On this stage, everyone is ‘Ynkluded’

It was like walking onto the set of High School Musical … there are people milling about, laughing and joking around, spinning playfully in wheelchairs and then, boom, cohesion breaks out into a delightful musical number on a plywood stage.

Then Brian Fidler, the director of Tell Me More…, says, “OK, now get up or just roll off the stage.”

The piece they are rehearsing at the Yukon Association for Community Living office/studio is called Snow in Summer. It begins with Charlie Wilson and Brit Cowper at the edge of the audience – in this case, the stage crew – grabbing their attention with their wonder.

Perched two levels up, Andrea McColeman’s music is helping to create a soundscape for this dream sequence. She is playing a synthesizer, but the work in progress could be played by a guitar, a piano and drums when the show, Tell Me More…, is presented at the Old Fire Hall April 23 to 26.

“I like the snowballs,” Fidler says. Then he asks Michael Vi Adar to sing one of her two songs, The Hippo Song.

She delights the entire room as cast and crew watch from chairs, wheelchairs and sitting on the floor.

“If you see someone you know,” says Fidler after the song, “you can sit on their lap.”

“Can I?” shouts Vi Adar with mock excitement as the room laughs with her.

Afterward, Vi Adar says her other song is Love Song for Fangorn: “Women write what’s important to them and things we are fixated on. For me, it’s Tolkien.”

The rehearsal is nearing an end and Cheri Wilson is led to the stage where she folds up her white cane and carefully places it on a chair. The chair is positioned so that she knows which way the audience is.

She belts out May the Moon Shine and the only other sound is McColeman’s guitar. The rapt attention is broken at the end with a hearty round of applause.

Fidler calls the cast and crew for some last-minute notes and to say goodnight. One of the performers walks up to him, hugs him, and says, “Thank you.”

Later, Fidler says, “Hey, it’s a different environment.

“Everyone’s hearts are on their sleeves.”

One of the goals of this performing troupe, “Ynklude”, is to “include” those with intellectual disabilities in the arts community.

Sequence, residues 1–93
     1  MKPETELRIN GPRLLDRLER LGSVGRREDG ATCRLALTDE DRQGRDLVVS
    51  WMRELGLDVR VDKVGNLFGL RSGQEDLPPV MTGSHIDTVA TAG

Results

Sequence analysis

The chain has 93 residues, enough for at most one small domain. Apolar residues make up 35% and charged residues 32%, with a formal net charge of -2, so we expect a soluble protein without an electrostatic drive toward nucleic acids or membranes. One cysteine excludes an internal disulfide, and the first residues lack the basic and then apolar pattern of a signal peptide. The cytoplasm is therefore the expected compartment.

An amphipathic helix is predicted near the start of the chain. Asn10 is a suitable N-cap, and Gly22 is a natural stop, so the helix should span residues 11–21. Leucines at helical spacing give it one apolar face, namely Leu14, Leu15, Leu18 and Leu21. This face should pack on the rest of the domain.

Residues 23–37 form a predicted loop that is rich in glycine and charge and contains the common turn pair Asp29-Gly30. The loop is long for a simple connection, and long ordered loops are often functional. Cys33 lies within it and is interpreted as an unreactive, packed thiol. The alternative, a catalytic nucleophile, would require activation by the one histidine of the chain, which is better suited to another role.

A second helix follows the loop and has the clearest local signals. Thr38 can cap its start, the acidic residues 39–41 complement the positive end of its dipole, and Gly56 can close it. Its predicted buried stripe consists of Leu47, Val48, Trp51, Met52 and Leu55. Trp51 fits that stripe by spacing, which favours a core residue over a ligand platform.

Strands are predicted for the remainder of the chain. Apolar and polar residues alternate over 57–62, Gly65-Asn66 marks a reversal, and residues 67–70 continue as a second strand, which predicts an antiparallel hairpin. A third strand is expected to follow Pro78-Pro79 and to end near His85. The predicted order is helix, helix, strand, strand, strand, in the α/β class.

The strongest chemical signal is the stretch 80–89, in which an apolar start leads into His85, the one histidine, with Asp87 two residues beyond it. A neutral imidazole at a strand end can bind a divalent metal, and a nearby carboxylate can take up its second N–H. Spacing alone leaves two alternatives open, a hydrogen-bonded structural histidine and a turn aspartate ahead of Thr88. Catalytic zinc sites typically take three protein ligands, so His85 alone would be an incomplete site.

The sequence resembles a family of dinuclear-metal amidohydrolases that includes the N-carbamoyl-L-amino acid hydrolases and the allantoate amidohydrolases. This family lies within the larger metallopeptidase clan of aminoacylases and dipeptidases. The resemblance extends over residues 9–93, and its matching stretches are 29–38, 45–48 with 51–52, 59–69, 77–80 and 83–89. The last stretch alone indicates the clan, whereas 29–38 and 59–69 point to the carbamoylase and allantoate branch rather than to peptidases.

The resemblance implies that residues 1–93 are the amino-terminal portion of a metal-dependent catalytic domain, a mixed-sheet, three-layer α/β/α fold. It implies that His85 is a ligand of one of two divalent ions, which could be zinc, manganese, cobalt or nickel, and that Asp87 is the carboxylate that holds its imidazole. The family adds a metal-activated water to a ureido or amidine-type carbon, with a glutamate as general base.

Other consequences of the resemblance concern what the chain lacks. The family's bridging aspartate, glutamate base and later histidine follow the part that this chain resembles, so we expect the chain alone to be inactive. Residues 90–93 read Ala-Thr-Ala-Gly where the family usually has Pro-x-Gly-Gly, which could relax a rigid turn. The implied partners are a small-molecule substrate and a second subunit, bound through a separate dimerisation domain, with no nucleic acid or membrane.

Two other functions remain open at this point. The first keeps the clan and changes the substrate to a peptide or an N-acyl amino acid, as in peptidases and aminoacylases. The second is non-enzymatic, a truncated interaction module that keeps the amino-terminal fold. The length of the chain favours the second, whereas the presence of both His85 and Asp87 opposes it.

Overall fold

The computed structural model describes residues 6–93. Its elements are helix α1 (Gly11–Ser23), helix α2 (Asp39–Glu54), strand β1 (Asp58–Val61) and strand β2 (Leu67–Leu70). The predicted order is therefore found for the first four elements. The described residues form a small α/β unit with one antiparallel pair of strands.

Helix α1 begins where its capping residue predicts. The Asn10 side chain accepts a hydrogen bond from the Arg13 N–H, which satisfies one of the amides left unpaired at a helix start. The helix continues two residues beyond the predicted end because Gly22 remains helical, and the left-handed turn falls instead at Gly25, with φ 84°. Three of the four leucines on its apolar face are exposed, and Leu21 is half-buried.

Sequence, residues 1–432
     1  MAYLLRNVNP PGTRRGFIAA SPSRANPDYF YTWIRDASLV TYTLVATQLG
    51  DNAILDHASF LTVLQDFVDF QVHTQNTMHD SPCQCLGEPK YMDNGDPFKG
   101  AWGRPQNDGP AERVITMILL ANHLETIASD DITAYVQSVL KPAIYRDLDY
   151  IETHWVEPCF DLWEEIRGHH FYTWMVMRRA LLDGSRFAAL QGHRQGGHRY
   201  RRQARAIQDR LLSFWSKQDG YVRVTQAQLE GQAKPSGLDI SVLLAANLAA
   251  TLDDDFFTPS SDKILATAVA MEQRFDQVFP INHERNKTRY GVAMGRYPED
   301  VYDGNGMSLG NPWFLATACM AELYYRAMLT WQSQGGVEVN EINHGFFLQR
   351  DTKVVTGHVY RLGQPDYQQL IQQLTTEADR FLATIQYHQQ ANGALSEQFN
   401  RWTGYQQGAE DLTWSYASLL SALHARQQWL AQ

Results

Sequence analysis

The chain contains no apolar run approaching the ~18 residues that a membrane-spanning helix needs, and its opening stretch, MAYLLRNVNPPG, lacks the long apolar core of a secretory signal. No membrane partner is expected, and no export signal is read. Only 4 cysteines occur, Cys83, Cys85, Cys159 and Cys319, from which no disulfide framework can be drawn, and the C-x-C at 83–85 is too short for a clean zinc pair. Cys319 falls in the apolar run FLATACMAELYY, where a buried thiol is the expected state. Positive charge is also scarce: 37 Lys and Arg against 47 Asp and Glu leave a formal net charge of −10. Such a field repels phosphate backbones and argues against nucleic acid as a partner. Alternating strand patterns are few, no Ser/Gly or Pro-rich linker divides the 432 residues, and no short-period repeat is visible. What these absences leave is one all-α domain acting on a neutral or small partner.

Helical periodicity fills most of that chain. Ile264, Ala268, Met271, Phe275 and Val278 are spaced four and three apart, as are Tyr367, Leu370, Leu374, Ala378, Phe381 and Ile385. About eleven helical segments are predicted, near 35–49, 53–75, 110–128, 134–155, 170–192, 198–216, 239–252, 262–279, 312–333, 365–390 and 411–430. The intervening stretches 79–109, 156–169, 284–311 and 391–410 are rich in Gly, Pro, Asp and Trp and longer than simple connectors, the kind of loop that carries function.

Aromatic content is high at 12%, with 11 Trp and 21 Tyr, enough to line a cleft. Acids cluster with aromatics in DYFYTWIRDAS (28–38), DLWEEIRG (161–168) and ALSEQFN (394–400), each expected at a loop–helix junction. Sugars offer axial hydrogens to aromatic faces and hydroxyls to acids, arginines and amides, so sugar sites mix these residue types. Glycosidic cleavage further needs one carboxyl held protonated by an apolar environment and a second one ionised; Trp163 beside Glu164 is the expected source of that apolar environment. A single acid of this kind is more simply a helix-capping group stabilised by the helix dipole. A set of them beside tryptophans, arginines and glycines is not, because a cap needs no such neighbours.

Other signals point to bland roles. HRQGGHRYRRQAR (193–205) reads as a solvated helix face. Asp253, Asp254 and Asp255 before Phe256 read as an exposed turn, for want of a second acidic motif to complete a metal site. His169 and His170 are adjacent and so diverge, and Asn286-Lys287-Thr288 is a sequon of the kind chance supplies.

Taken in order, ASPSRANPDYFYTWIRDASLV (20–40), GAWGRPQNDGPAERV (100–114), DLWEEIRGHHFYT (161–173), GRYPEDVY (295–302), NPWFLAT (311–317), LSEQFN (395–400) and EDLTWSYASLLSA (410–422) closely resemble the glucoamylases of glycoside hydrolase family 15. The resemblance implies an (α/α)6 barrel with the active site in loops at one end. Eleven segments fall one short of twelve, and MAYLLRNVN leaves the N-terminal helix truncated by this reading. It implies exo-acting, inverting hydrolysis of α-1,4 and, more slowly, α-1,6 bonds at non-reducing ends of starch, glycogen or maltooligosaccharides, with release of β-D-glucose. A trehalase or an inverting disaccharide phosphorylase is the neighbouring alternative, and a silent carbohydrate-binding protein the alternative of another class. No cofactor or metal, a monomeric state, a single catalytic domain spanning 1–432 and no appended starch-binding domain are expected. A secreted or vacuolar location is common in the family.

Fidler is a member of the arts community and he was given the chance to work with Ynklude for the first time. So, he was the outsider here.

Not a problem, he says. “They are a really open group.

“You come in with good energy and they’ll greet you with good energy.”

McColeman, too, was a first-timer: “I came in right at the beginning and it’s been more about the process with games and exercises.

“We wanted to see how we work as a group,” says the music director.

“We just wanted to see where the strengths are.

“But this group … I am just in love with each and every one of them. They don’t see their disabilities as problems. There is no shellac, no pretending to be anything else than who they are.”

Jude Wong, a local dancer/choreographer, says she is also a “movement coach” for Tell Me More…

“The learning curve has been quite amazing; we are working with such a diverse range of skills and weaknesses.

“It took quite a while to get to know everyone and to find the performances that bring out their best.

“I didn’t have any information going in; I didn’t know the material they wanted to work with and, so, I embraced that and dived in with no pre-conceived ideas.”

One of those new things is the wheelchairs.

Wong gasps. “They are so much fun! They are platforms on wheels!”

She says the movements are similar to aerial dance with a “whole new range of movement” that cannot be found without wheels.

One dance has Julie Robinson, the inclusion co-ordinator for YACL, riding with Carrie Rudolph on one of those wheelchairs. The connection between the two of them is touching and beautiful.

“I showed Jude some turns and how it glides,” says Rudolph. The two of them created the dance together in an equal partnership.

After 40 years of working on educational and employment opportunities for people with intellectual disabilities, Robinson says it was time to help them become fuller members of the community.

“We could not think of one person with an intellectual disability who was participating in the arts,” says Robinson.

“We are building up a repertoire and creating relationships with the arts community.”

One of those relationships is with the co-producer, Gwaandak Theatre, which has a track record that includes Sixty Below, Carnaval and Where the River Meets the Sea.

Patti Flather, the co-artistic director of Gwaandak Theatre, helped create the material during workshops. She is also one of the performers.

“I just love getting the stories and voices up on the stage,” says Flather, “especially of those we don’t normally see onstage.

“I am a firm believer that everyone has a story.”

The result of this co-operation is best seen in a dance to the song, Bridges and Balloons. Audiences will see smiles and concentration, dancers trusting each other, and performers working so hard just to allow the others to look so good.

Tickets for Tell Me More… are available at the Yukon Arts Centre box office and Arts Underground. Performances are at 8 p.m. on Friday and Saturday, April 24 and 25, and at 3 p.m. on Sunday.

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